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High-temperature mass spectrometric degassing of enstatite chondrites: implications for pyroclastic volcanism on the aubrite parent body.

Research output: Contribution to journalJournal article

Published

Journal publication date1992
JournalGeochimica et Cosmochimica Acta
Journal number12
Volume56
Number of pages14
Pages4267-4280
Original languageEnglish

Abstract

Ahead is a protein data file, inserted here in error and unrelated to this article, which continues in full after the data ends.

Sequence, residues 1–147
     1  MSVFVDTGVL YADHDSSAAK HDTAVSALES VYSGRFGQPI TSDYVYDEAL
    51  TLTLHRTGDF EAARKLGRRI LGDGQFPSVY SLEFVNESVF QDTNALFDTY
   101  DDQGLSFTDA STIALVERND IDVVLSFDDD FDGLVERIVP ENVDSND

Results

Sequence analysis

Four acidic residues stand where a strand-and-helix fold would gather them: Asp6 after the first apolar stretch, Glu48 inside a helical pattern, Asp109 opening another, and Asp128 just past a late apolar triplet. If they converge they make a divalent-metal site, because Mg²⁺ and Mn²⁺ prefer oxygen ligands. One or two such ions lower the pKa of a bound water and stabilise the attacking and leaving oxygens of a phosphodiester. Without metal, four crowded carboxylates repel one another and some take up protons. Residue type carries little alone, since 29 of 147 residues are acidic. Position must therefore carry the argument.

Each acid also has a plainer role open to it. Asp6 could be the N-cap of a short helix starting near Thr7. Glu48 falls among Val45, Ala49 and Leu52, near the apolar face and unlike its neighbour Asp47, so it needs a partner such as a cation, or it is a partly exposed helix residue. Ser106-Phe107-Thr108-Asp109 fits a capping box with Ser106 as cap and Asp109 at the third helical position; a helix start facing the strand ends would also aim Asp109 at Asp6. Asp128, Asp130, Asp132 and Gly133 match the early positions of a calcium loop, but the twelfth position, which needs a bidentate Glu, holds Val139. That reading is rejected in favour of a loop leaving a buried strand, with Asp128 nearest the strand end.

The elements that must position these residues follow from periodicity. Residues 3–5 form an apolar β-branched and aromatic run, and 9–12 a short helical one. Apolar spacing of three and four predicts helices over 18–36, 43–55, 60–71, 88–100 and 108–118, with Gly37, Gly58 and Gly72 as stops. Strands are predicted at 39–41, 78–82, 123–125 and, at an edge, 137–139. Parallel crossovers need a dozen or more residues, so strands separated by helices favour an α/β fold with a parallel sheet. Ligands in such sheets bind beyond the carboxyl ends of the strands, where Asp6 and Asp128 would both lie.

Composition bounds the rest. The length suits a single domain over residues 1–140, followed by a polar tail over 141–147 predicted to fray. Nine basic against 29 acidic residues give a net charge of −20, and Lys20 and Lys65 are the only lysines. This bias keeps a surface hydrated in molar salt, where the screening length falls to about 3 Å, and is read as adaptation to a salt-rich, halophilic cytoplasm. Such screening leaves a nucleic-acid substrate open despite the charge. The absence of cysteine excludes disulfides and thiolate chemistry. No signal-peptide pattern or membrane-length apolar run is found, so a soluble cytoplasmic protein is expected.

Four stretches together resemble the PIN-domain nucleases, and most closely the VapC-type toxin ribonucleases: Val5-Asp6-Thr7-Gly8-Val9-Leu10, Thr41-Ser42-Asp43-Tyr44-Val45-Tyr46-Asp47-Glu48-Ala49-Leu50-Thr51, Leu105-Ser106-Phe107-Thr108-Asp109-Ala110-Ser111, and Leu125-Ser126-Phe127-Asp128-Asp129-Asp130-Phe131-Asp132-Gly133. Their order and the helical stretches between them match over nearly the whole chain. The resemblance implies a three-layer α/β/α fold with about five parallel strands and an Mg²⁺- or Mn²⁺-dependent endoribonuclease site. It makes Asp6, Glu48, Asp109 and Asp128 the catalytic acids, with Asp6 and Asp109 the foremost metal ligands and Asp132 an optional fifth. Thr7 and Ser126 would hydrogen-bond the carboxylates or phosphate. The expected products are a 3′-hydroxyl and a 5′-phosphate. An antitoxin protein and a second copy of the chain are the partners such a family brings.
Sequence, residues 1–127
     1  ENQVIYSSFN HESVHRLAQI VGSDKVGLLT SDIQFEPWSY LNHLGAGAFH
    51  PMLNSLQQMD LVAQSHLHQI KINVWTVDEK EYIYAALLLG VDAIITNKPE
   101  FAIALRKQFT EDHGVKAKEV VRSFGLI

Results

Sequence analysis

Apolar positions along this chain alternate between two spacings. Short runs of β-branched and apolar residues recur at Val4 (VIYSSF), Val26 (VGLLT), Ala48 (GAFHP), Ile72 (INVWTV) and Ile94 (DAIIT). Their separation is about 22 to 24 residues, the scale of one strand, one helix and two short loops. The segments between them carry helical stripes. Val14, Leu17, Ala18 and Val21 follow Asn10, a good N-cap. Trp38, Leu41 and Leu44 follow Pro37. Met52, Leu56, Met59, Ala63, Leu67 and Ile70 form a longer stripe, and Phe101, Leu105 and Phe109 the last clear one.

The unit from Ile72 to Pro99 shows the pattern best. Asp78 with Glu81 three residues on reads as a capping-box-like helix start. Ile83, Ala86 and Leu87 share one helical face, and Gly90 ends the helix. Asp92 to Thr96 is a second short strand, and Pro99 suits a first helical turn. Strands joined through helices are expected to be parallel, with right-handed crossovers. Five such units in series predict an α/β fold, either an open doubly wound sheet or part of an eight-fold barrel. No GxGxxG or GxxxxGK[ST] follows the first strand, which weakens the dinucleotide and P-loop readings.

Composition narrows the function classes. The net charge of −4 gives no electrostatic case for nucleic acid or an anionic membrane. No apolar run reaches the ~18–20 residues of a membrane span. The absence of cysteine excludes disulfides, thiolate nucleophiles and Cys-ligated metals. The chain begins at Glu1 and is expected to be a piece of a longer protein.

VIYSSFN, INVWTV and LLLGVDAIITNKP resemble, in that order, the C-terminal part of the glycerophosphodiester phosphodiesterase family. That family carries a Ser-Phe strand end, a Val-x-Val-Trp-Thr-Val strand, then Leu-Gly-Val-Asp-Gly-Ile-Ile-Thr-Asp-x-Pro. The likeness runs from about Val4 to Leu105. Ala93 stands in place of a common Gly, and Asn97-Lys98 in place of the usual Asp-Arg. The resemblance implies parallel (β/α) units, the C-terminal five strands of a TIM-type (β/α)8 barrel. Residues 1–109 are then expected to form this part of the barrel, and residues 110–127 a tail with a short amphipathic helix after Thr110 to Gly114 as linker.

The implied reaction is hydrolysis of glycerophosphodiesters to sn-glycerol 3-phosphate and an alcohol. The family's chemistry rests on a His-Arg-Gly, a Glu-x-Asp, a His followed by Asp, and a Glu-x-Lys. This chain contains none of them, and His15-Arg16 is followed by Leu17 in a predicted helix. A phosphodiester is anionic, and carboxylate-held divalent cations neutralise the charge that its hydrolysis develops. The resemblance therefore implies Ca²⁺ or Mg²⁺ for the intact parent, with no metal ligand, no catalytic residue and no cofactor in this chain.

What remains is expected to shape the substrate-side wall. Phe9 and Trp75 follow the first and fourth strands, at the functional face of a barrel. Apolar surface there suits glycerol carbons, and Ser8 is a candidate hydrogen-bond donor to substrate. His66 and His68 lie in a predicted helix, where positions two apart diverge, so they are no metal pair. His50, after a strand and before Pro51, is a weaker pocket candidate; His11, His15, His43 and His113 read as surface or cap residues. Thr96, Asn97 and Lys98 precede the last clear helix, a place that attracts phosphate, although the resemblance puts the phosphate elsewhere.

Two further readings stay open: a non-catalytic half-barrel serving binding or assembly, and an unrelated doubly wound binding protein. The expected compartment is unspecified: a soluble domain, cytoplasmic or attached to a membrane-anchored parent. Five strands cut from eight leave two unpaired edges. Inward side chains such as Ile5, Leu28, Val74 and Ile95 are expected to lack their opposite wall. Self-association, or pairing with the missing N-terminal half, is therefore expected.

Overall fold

Wilson and Keil (1991) argued that a few hundred ppm of expanding volatiles present in early partial (basaltic) melts on the aubrite parent body (or on other differentiated asteroids < 100 km in radius), upon ascent of the magma to the surface of the body, would cause disruption into a spray of droplets moving with velocities in excess of the escape velocities of small asteroidal-sized bodies and thus escape and be lost into space 4.55 Ga ago. Hence, no such basaltic rocks exist as individual meteorites nor as clasts in brecciated aubrites. We report measurements of volatiles in enstatite chondrites, considered to be reasonable analogs of the precursor rocks of the aubrites (Qingzhen: EH3; Indarch, Abee: EH4; St. Mark's: EH5; Hvittis, Pillistfer: EL6, sinoite-bearing; Khairpur: EL6, no sinoite) and address in detail the nature and origin of volatile phases driving this pyroclastic volcanism. We find that 1. (1) Volatiles measured by high-temperature mass spectrometric degassing and released at <780°C are contaminants from terrestrial weathering, handling and cutting; those released at >925°C (principally CO, 1580–2830 ppm; N2, 110–430 ppm; Cl, 120–450 ppm; S, see discussion for abundance) are indigenous. The precise host phases and host sites of the indigeneous volatiles are uncertain; 2. (2) N2 release appears to be associated with the melting of the Fe,Ni-sulfide cotectic at 950°C. The amounts of gas released are not unlike those previously measured for iron meteorites and sulfides in irons, but exceed by several orders of magnitude the equilibrium N2 solubility in metallic Fe,Ni for solar nebula pressures. This suggests that either partial pressures during N2 incorporation were much higher than solar values or N2 is trapped in lattice defects and microcracks, possibly in sulfides; 3. (3) CO release over a narrow temperature interval of 1025–1255°C is violent and results in pronounced vesiculation of the residue. CO may be trapped in microvesicles and cracks in silicates or, less likely, may form by a reduction reaction during heating between carbon (graphite) and the minor ferrosilite in the enstatite; 4. (4) Cl release beginning at 950 (EH's) and 1025°C (EL's) appears not to be associated with lawrencite, which should sublime at T as low as 325°C; in EH's, some may be released from djerfisherite; 5. (5) Gas release and textural studies suggest that metamorphic reheating of EH's and EL's was to less than about 950°C. EL's did not form during metamorphic reheating of EH's by draining of cotectic Fe,Ni-sulfide liquid; 6. (6) Sinoite present in some EL6's did not form by condensation from the solar nebula, but during parent body metamorphism at T < 950°C via the reaction of SiO2, gaseous N2 and Si (in solid solution in the metallic Fe,Ni); 7. (7) As little as 1% by volume partial melting in an asteroid of any size will generate excess pressures in the melt much greater (10's of MPa) than the tensile strength of silicate materials and will initiate formation of cracks. This process will be enhanced by expansion of any exsolved or trapped gas phase in the asteroid and will lead to the formation of pathways (cracks growing into dikes) for melt migration; 8. (8) The pressure gradients implied when these pathways intersect the asteroid surface, coupled with the observed amounts of indigenous volatiles released from EH's and EL's, are easily sufficient to drive the pyroclastic volcanic eruptions envisaged by Wilson and Keil (1991).